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Linked Lists

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- Slide 1
- Linked Lists
- Slide 2
- Outline Why linked lists? Linked lists basics Implementation Basic primitives Searching Inserting Deleting
- Slide 3
- Why linked lists? The default implementation for storing a set of objects is an array int v[10]; denotes the allocation of 10 int variables Arrays are efficient for many purposes (e.g., fast access to elements), but have several limitations
- Slide 4
- Limitations of arrays (1) Their size must be fixed in advance At compile time (statically allocated) int mydata[100]; At run time (dynamically allocated) int *mydata; mydata = (int*)malloc(sizeof(int)*100); In theory it is possible, for a dynamically allocated array to resize it using realloc but it tends to be quite inefficient E.g., reallocate a large array to add 1 element
- Slide 5
- Limitations of arrays (2) Because of first limitation, arrays are often over-sized To deal with dynamically changing sets of data, programmers usually allocate arrays which seem "large enough. Problems: Low utilization of arrays (you allocate a size X but use at most a fraction of it) and the space is wasted If the program ever needs to process more than X data, the code breaks
- Slide 6
- Limitation of arrays (3) Inserting elements to keep a given order is inefficient Example: If elements of the array represent an order of arrival ( a[0] is last arrived) inserting a new element implies moving all elements one position ahead
- Slide 7
- Array vs. linked lists Linked lists solve limitations of arrays by paying in terms of efficiency of access of elements Arrays: allocate memory for all its elements stored in contiguous memory locations (appears as one block of memory) Linked lists: allocate space for each element separately in its own block of memory called a "linked list element" or "node". The list gets is overall structure by using pointers to connect all its nodes together like the links in a chain.
- Slide 8
- Array vs. linked lists Array int v[4]; List ???? 2 5 3 v[0] v[1] v[2] v[3] v 2 5 3 ?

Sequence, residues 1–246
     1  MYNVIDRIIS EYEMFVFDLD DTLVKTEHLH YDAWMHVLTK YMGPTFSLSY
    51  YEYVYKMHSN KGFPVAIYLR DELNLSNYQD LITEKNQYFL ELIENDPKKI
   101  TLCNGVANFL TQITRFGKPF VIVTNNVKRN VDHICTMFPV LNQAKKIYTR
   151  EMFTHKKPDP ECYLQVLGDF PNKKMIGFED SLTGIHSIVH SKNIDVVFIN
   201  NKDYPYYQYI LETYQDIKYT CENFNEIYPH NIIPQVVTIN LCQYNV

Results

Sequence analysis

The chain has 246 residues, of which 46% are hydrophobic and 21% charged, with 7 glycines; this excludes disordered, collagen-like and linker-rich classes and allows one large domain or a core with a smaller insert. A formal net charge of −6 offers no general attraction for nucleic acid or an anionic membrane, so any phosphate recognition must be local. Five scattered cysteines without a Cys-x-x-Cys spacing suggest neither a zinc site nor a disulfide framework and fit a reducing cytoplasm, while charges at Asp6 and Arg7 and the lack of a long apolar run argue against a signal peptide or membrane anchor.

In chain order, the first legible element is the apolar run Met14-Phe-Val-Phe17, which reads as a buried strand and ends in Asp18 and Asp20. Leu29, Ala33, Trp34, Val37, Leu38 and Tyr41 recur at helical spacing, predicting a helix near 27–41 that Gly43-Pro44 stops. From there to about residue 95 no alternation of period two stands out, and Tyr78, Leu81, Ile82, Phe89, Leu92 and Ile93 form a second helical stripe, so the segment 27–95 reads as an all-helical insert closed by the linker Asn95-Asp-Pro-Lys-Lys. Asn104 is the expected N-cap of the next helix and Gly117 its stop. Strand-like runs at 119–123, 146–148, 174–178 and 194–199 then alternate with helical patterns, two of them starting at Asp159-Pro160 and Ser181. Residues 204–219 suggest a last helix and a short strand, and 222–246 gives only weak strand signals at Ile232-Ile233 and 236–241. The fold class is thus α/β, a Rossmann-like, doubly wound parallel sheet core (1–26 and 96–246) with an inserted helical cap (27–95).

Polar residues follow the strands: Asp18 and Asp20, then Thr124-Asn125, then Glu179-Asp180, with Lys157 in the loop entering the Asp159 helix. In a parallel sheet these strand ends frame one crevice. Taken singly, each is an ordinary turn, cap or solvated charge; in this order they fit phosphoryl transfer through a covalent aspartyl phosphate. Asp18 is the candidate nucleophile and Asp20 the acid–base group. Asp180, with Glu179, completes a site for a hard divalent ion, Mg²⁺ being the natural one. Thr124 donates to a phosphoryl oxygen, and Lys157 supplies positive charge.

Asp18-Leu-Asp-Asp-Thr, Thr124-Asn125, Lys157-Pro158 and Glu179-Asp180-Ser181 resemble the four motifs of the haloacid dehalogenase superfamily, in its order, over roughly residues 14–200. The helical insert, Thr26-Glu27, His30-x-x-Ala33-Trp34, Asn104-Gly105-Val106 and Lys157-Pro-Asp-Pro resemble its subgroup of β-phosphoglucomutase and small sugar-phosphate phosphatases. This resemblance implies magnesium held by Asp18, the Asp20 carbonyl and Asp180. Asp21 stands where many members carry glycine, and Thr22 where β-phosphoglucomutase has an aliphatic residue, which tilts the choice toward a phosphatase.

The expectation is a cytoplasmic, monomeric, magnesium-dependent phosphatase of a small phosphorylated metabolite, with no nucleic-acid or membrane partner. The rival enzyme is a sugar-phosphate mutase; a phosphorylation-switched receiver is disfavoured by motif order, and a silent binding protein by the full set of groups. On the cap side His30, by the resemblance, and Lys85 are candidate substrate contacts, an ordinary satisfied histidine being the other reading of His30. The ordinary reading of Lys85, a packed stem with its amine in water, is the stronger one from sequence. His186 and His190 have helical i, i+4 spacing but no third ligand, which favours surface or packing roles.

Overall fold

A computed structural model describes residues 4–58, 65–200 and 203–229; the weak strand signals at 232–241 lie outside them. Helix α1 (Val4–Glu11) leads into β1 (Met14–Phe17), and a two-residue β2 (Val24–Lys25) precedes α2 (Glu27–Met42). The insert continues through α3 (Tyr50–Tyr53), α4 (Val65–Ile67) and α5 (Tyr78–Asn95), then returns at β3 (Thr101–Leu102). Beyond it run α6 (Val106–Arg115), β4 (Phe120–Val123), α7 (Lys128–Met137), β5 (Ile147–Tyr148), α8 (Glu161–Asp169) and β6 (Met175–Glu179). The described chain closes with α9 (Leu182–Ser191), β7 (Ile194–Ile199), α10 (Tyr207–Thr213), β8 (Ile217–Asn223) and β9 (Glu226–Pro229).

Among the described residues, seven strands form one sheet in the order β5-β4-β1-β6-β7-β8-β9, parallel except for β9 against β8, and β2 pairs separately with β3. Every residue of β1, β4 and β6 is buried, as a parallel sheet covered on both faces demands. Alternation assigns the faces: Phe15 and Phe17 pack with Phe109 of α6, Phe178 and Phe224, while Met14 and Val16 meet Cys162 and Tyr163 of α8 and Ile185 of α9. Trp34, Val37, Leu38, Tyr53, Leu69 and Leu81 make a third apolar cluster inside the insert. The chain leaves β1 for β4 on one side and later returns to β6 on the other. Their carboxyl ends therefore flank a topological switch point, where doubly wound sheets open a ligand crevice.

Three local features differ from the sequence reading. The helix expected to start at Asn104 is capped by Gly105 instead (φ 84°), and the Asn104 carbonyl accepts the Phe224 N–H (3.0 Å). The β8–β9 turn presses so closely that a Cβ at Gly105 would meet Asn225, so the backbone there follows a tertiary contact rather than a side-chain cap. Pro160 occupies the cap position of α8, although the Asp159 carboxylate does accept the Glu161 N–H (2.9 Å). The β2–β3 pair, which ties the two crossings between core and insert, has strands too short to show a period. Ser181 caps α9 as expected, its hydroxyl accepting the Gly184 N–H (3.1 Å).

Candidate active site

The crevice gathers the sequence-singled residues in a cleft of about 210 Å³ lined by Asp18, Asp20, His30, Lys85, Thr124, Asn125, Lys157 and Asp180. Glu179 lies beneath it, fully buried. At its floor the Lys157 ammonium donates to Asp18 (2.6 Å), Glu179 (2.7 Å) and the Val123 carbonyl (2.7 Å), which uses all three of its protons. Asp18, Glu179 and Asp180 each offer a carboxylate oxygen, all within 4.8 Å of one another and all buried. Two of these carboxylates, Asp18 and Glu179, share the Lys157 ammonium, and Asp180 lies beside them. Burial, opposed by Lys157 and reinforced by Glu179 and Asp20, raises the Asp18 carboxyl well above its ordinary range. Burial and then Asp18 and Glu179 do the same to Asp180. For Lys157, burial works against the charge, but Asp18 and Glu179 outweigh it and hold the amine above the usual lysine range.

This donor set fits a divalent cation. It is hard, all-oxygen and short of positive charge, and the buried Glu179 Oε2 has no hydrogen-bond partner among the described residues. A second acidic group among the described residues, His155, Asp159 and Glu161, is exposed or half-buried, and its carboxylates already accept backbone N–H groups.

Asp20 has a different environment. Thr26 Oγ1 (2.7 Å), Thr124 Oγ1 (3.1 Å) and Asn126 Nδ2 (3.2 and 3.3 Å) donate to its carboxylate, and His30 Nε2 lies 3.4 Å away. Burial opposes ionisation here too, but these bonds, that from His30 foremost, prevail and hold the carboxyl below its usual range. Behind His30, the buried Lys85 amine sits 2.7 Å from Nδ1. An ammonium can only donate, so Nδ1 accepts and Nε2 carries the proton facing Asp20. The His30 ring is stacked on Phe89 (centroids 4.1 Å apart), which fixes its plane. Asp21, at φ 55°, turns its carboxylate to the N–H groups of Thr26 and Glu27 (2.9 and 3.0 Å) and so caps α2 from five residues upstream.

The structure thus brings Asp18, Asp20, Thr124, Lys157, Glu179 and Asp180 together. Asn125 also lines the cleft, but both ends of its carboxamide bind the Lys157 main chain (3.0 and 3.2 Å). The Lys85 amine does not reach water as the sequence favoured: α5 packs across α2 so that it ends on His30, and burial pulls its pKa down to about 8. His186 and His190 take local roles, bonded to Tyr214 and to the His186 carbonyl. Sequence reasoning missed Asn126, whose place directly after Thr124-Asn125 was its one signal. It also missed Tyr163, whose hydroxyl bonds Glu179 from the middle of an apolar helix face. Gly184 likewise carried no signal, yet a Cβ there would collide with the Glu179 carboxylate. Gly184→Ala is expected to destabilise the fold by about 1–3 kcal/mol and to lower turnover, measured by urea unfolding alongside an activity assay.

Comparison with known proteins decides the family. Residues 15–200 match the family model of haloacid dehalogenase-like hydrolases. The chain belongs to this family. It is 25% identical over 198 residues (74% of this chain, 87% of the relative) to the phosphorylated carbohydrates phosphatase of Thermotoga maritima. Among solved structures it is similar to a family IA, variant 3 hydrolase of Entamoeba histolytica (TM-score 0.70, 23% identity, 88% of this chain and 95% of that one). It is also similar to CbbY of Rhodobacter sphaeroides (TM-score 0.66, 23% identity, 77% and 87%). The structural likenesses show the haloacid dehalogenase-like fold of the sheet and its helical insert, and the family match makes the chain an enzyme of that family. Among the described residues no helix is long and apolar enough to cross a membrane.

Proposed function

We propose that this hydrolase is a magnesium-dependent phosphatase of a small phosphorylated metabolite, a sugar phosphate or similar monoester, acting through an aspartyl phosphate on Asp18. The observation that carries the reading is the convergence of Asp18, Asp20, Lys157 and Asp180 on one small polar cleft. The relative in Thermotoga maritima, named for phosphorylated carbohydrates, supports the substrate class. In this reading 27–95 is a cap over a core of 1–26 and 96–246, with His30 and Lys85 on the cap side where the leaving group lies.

- Slide 9
- Linked lists Each list node contains two fields: a "data" field to store whatever element type the list holds and a "next" field which is a pointer used to link one node to the next node. Each node is allocated with malloc() and it continues to exist until it is explicitly deallocated with free()
- Slide 10
- Arrays vs. linked lists ArraysLists Access time + (independent of array size random access) - (proportional to list size sequential access) Utilization - (over allocation typical) + (allocate what you need) Modification of element order - (requires movement of elements) + (insert where needed by moving pointers)
- Slide 11
- Lists (cont.) Variants: Double linked lists The element possesses a pointer also to the previous element Circular lists The last element in the list is linked to the head
- Slide 12
- Lists (cont.) Variants: Lists with sentinel Head or tail or both exist as fictitious elements to manage special cases at the boundary Ordered Lists Starting from the head the elements (i.e., the keys) have an order (increasing or decreasing)
- Slide 13
- Array vs. linked lists Array int v[4]; List List* Head; 2 5 3 v[0] v[1] v[2] v[3] v 2 5 3 Head
- Slide 14
- Lists - (cont.) Primitives Insert ( at the head of the list ) Search Delete InsertSorted NOTE: The ordering of a list is not immediate It requires double pointers or auxiliary lists
- Slide 15
- Lists: Basic operations Different from vector based data structures, operation on a list requires pointer manipulation Element creation: Using malloc() Initialization of a list A pointer to list initialized to NULL Insertion/deletion of an element Movement of pointers
- Slide 16
- Lists - list.h typedef struct e{ int key; List* next; } List; List* Insert(List*,int); /* modifies the head */ List* Search(List*, int); void Display(List*); List* Delete(List*,int, int*); /* modifies the head */ List* InsertSorted(List*,int); /* modifies the head */
- Slide 17
- Lists - list.c (1) #include List* Insert( List* head, int val) { List* p; p = newE(); p->key = val; /* pi vari campi */ p->next = head; head = p; return head; }
- Slide 18
- Lists - list.c (2) List* Search( List* head, int val) { List* p; p = head; while(p != NULL) { if( p->key == val) return(p); else p = p->next; } return(NULL); }
- Slide 19
- Lists - list.c (3) void Display(List* head) { List* p; p = head; while( p != NULL) { printf(%5d\n,p->val); p = p->next; }